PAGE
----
Medication and Treatment
When to Start Medication Treatment
Medications do not cure or prevent Parkinson’s disease progression. However, they are effective at suppressing symptoms. There is no consensus on when to start medication, however, most specialists recommend waiting until symptoms begin to interfere with daily activities before starting medications.
Medical therapies are largely aimed at stimulating brain dopamine and often result in rapid symptomatic improvement in most patients.
- Levodopa is a chemical cousin of dopamine, a neuro-hormone or chemical that is produced naturally in the brain and regulates movement. Enzymes in the brain convert levodopa into dopamine. Levodopa is the most effective drug for the treatment of most Parkinson’s disease symptoms. As the disease progresses you may have to take higher doses of the medication or take it more frequently. Levodopa is always combined with carbidopa (or benserazide in other countries), which reduces nausea associated with levodopa. Other potential side effects include dry mouth, dizziness, and orthostatic hypotension (i.e., lowering of blood pressure upon standing). Long-term use can cause complications including abnormal involuntary movements (i.e., dyskinesia) and psychiatric effects (i.e., hallucinations).
- Dopamine Agonists: Ropinirole, pramipexole, and rotigotine are dopamine agonists, which stimulate dopamine receptors in the brain. These medications are better tolerated by younger patients. We start these medications slowly and adjust the dose to suit each individual. Side effects of all dopamine agonists include drowsiness, nausea, vomiting, dry mouth, dizziness, impulse control disorders, swelling in the legs, and orthostatic hypotension. At higher doses, dopamine agonists may cause confusion, hallucinations, or psychosis. We will talk to you about the risks of driving or performing other activities that require high levels of alertness.
Your physician may prescribe other medications that include the following:
- Anticholinergics: Used to minimize tremors or rigidity by relaxing muscle spasms. We don’t prescribe these drugs for very elderly patients or those with dementia, because they can cause increased confusion and increase the risk for falls. Other potential side effects include dry mouth, sedation, delirium, hallucinations, constipation, and urinary retention.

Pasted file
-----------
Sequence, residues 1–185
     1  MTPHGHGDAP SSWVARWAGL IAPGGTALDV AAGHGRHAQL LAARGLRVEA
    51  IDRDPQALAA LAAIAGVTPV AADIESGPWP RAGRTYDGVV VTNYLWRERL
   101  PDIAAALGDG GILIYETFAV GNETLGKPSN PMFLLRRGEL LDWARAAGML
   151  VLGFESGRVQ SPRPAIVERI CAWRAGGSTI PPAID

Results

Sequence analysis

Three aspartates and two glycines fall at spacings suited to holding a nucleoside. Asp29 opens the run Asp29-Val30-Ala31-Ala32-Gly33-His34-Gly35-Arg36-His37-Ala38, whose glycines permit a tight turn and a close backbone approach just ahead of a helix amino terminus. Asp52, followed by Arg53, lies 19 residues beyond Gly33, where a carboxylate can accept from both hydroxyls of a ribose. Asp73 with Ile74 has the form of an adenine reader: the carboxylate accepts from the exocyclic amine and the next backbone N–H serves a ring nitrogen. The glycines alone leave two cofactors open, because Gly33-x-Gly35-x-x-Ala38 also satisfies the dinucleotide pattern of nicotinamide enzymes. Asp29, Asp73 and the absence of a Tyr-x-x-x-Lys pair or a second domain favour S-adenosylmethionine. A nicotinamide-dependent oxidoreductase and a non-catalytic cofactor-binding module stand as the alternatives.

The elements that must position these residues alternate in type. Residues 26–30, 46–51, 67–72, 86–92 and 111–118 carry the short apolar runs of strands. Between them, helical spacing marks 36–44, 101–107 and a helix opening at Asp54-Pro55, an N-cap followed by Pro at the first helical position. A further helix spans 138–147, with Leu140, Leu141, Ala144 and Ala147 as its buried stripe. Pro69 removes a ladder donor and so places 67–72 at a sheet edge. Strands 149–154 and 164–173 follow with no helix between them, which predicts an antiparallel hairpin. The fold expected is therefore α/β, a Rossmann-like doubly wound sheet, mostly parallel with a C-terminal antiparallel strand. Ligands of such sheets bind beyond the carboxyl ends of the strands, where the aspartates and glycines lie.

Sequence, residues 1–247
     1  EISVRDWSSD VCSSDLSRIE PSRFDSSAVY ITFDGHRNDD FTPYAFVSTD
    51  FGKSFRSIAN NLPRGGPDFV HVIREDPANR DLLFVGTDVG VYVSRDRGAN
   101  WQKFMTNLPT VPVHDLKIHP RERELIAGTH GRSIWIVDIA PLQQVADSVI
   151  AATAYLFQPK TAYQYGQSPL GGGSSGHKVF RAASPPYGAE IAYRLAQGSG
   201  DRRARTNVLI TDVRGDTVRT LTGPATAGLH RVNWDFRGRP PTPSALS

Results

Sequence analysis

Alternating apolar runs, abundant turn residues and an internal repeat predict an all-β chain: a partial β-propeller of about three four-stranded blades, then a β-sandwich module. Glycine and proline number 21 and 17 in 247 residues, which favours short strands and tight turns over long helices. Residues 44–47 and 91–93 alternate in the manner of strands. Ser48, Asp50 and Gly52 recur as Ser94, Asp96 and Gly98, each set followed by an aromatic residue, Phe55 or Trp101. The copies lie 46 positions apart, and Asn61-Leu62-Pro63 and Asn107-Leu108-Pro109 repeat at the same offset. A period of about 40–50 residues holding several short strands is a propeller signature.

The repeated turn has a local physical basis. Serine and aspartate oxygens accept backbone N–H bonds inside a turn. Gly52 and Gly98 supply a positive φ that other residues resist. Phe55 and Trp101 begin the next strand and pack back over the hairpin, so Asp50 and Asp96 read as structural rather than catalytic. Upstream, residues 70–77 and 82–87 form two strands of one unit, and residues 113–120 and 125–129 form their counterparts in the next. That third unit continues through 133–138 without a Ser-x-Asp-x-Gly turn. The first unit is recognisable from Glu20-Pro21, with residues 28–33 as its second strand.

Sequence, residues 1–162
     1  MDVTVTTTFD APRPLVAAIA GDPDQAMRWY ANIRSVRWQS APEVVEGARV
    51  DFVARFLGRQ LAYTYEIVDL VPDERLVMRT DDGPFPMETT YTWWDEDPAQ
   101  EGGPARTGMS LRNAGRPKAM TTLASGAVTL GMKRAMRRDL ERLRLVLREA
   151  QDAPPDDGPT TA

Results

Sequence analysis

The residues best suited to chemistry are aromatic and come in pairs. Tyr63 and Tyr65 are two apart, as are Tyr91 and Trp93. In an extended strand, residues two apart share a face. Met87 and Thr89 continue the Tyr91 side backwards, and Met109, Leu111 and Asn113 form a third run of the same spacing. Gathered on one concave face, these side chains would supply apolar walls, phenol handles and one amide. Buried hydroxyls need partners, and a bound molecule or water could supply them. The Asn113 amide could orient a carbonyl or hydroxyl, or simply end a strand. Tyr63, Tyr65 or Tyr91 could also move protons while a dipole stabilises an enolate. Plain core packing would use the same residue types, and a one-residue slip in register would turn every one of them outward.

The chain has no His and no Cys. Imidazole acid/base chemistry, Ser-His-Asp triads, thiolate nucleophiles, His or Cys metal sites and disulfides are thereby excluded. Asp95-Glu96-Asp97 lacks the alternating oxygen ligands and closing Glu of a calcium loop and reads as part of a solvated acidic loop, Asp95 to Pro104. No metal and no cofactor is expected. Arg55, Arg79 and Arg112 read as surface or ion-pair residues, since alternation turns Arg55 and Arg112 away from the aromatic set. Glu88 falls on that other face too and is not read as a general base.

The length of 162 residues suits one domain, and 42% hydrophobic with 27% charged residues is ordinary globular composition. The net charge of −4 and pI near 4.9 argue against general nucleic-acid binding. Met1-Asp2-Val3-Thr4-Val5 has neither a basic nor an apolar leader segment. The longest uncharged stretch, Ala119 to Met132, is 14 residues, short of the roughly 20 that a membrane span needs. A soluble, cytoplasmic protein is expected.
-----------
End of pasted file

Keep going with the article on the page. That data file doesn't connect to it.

- COMT Inhibitors: Entcapone and opicapone are used to help prolong the effects of levodopa by reducing its breakdown. Entacapone is taken with each dose of levodopa; opicapone is taken once a day. Side effects include discoloration of urine, diarrhea, and weight loss.
- MOA(b) Inhibitors: Selegiline, rasagiline, and safinamide are used to help prolong the effects of levodopa by reducing its breakdown in the brain. Side effects may include hallucinations, orthostatic hypotension, insomnia and nausea (related to the increased availability of levodopa). The FDA has issued a warning for those taking these drugs as they can potentially cause serotonin syndrome if combined with certain antidepressants. Serotonin syndrome can cause extremely high blood pressure and other symptoms. If you are on either of these medications. Please contact us to see if you are at risk.
- Amantadine: Used to reduce dyskinesia (involuntary movements related to the use of levodopa) and other motor symptoms. Side effects include dry mouth, difficulty concentrating, confusion, insomnia, nightmares, agitation, and hallucinations. Amantadine may cause swelling in the extremities and mottled skin.
- Istradefylline: Used to help prolong the effects of levodopa by blocking adenosine receptors in the brain. Side effects include dyskinesia, hallucinations, compulsive behaviors (related to increased dopamine function).
- Quetiapine: An anti-psychotic medication used to block the hallucinations caused by Parkinson’s disease medications. Most other antipsychotic medications (except clozapine) can make Parkinson’s disease symptoms worse. This is not a significant problem with low doses of quetiapine. Quetiapine’s side effects include sedation and constipation.
- Pimavanserin: A novel therapy for the treatment of hallucinations and delusions associated with PD psychosis. The most commons side effects include peripheral edema, nausea, confusion, constipation, and gait disturbance.
- Rescue medications: Some patients with Parkinson’s disease experience sudden wearing off of their medications. Apomorphine and inhaled levodopa are two short-acting medications that can be used to address such off periods. These do not replace your daily mediations, but are used as additional therapies to control motor function.
Managing Medication Side Effects
Most medications to treat Parkinson’s disease are well tolerated, however, people may experience side effects. It is important to discuss side effects with your physician as there are many ways to address them.
- Nausea: We do not prescribe “standard” anti-nausea medications to patients with Parkinson’s disease since it blocks dopamine in the brain, which can make symptoms worse. Some patients experience nausea as a side effect of dopamine-controlling medications. We recommend that you try taking your medication with meals that do not contain protein. If that does not work, we can adjust your medications to minimize nausea. Most people find that the side effect wears off or they can prevent nausea and continue to benefit from their medications.
- Excessive Sweating: Excessive sweating is an occasional side effect of levodopa. We can adjust your medication regimen to treat this symptom in several ways, for example, by reducing your levodopa dose or adding a dopamine agonist.
Complementary and Alternative Medicine
- Advanced research is underway to find “neuroprotective” drugs or supplements that can prevent or slow down nerve cell damage to stop the disease from progressing. Please discuss with your physician before taking any drug-supplements.